In the age of the Internet, one can get overwhelmed with endless claims of unfounded pseudoscience especially when it comes to health and medicine. Even when it comes to teeth and gums, there are numerous claims out there that are surprisingly gaining popularity these days that are not accurate. I am writing this blog to explore some of these dental myths and explain how some of them can be rather dangerous.
Oil pulling, instead of brushing:
Some claim that swishing your mouth with oil, such as olive or coconut oil, can replace the conventional accepted method of tooth brushing with fluoridated toothpaste. Some even encourage the public to “abandon the toothbrush altogether.” While it is true that some essential oils, NOT including olive oil or coconut oil, can stop the growth of bacteria, they are still not able to kill or get rid of bacteria and germs in our mouth.
As proven by countless scientific studies done on this matter, without the actual mechanical and repetitive motions from tooth brushing, plaque and calculus are simply not washed away, and they do not magically get washed away with olive oil!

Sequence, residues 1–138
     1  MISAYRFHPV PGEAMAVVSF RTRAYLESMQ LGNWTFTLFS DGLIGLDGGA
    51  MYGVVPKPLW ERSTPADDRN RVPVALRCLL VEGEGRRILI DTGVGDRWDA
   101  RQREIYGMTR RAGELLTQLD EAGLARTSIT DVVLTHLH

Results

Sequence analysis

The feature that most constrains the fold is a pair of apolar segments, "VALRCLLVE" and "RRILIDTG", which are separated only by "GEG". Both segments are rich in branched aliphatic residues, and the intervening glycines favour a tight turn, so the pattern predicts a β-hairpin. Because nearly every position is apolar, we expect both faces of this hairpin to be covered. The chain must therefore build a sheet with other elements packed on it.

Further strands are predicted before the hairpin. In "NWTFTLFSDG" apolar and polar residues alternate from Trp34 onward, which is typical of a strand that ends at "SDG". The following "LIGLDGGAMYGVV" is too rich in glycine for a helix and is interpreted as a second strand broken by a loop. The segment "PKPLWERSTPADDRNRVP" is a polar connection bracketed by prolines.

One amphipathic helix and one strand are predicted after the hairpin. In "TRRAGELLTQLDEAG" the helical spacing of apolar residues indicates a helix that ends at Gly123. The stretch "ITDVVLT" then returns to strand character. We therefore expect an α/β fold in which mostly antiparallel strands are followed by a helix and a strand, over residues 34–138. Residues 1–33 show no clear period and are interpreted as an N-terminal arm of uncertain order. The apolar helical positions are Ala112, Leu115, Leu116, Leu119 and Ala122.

Green tea extracts can replace toothpaste:
While it’s true that some studies done recently on this matter have shown that drinking green tea can stop the growth of bacteria in your mouth, again, this will not kill the current bacteria in your mouth. While it’s true that green tea is excellent in warming the body in cold weather and calming the mind from time to time, it is not and should not be the primary agent for oral hygiene.
Chewing gum instead of brushing in the morning freshens the breath:
There are even some blogs written about the effects of chewing gum and how it can actually replace tooth brushing. This is simply not true. Chewing gum can certainly increase the salivary flow in our mouth and more saliva can be effective in preventing new cavities. However, studies have clearly indicated that chewing gum alone is not an effective oral hygiene method. If you do decide to chew gum from time to time, make sure it is sugar-free. An added bonus is if you chew gum containing xylitol, a sugar-alcohol substance that can be somewhat effective in cavity prevention.
There are countless other claims like the aforementioned ones. Some interesting ones include swishing with whiskey, using hot sauce to fight cavities, and consuming bone-broth.
Weeding through these dental myths will always lead you back to one thing, as long as you stick to your conventional oral hygiene routine (as recommended by the ADA) brushing your teeth twice a day, flossing once a day, and most importantly showing up for your regular cleanings and check-ups every six months at Tremont Dental Care in the South End of Boston you will achieve your best smile.